The Blue Gardenia

The Blue Gardenia
To modern eyes it looks like the work environment from Hades: two rows of closely packed young women manually connecting calls at a telephone exchange, but in The Blue Gardenia (1953) the operators are enjoying their post-war independence.

Norah, Crystal and Sally, share an apartment and Norah plans to spend her birthday evening there. Her soldier boyfriend is away in Korea, so she dresses up, opens champagne and settles down with a framed photograph of him, eager to read his latest letter. It’s a ‘Dear Jane’ and poor Norah is devastated.

Harry Prebble is an artist who paints young women for the calendar market; it’s a good career for a practised seducer like Harry. He calls the apartment hoping to follow up on the flirtation he started with Crystal earlier that day. Norah answers the phone and on impulse agrees to meet Harry at The Blue Gardenia restaurant. He primes the waiter to make the cocktails strong ones.

Norah wakes up hung-over and groggy, with little memory of the previous evening. She’s shocked to learn that Harry Prebble has been found murdered at his home. Vaguely, she remembers picking up a fireplace poker when Harry tried to force himself on her. Norah is sure that she must be the murderer the newspaper has named for the flower found beside the body - The Blue Gardenia.

The movie has a stylish look and even its own song, The Blue Gardenia, performed at the restaurant by no less than Nat King Cole. The cinematography creates a good film-noir atmosphere, but the plot and direction conspire to make the movie more melodrama than noir. Director Fritz Lang (he went on the make The Big Heat) brings lightness into the mix with the semi-comedic angle of the three room-mates – which never evolves into shock or gritty reality - and the clue as to who murdered Harry is signposted with neon brightness very early in the story.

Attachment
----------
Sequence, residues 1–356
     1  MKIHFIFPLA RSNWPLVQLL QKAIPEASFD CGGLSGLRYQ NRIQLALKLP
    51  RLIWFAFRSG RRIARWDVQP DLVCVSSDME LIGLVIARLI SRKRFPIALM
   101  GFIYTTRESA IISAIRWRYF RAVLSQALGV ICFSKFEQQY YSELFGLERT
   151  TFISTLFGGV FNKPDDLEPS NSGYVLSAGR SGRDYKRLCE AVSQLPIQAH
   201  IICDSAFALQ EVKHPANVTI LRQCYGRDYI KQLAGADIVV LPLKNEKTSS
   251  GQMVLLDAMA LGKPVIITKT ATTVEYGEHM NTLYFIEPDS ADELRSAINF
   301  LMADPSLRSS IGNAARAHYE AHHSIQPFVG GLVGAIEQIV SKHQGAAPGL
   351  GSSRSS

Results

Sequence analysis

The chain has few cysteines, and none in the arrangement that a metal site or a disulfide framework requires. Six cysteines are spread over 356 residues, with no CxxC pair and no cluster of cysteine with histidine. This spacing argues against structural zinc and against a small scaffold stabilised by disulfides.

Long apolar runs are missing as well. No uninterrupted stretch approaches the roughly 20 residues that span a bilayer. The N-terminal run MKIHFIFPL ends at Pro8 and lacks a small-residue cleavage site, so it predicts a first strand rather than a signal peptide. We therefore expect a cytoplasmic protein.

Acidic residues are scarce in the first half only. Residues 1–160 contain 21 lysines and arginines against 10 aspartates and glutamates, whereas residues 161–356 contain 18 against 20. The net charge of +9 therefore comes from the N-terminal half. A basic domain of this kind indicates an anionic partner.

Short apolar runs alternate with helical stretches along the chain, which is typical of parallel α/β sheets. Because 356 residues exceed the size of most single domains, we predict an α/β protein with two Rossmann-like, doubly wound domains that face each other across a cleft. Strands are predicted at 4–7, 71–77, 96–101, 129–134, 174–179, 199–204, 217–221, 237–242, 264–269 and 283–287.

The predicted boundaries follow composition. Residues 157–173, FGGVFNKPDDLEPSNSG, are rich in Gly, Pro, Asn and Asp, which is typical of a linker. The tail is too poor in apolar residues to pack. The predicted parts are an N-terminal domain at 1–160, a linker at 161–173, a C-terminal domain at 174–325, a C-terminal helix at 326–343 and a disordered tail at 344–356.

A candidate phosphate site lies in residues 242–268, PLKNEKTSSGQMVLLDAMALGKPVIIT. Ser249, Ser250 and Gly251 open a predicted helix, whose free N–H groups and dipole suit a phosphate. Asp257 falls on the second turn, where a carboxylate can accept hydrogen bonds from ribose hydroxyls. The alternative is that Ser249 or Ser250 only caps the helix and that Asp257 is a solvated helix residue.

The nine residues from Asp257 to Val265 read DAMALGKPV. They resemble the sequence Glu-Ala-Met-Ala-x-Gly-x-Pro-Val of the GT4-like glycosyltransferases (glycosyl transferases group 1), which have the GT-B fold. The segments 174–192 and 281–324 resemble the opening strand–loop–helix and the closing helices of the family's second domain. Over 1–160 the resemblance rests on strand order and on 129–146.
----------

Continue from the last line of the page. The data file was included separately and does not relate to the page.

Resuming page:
There is some quality acting to be found in The Blue Gardenia. Anne Baxter as Norah portrays all the emotions of her role – shock, disbelief, horror, fear – very honestly, although I did feel that the character might have been a better fit for an actress with a less mature and capable air. The part of Casey Mayo, a journalist who takes up the story in order to find The Blue Gardenia killer is played by Richard Conte. Though good looking and charming in the role, I felt that Conte was acting with only half his mind on his work; there seemed to be no great depth to his character.

By far the best thing about The Blue Gardenia is the performance of Raymond Burr as womaniser and cad Harry Prebble. Though he appears in relatively few scenes, Burr’s involvement in his role is complete. His style is relaxed but he is fully present, and like the talented actor he was, he makes it all look effortless.

It’s quite easy to put two and two together when watching The Blue Gardenia, so there is not much mystery, and it’s also not the deepest of noir, but if taken more as a melodrama, it’s an enjoyable, if undemanding, movie.

Note: I watched The Blue Gardenia on the Turner Classic Movie channel; it is also available to watch via Amazon Instant Video.

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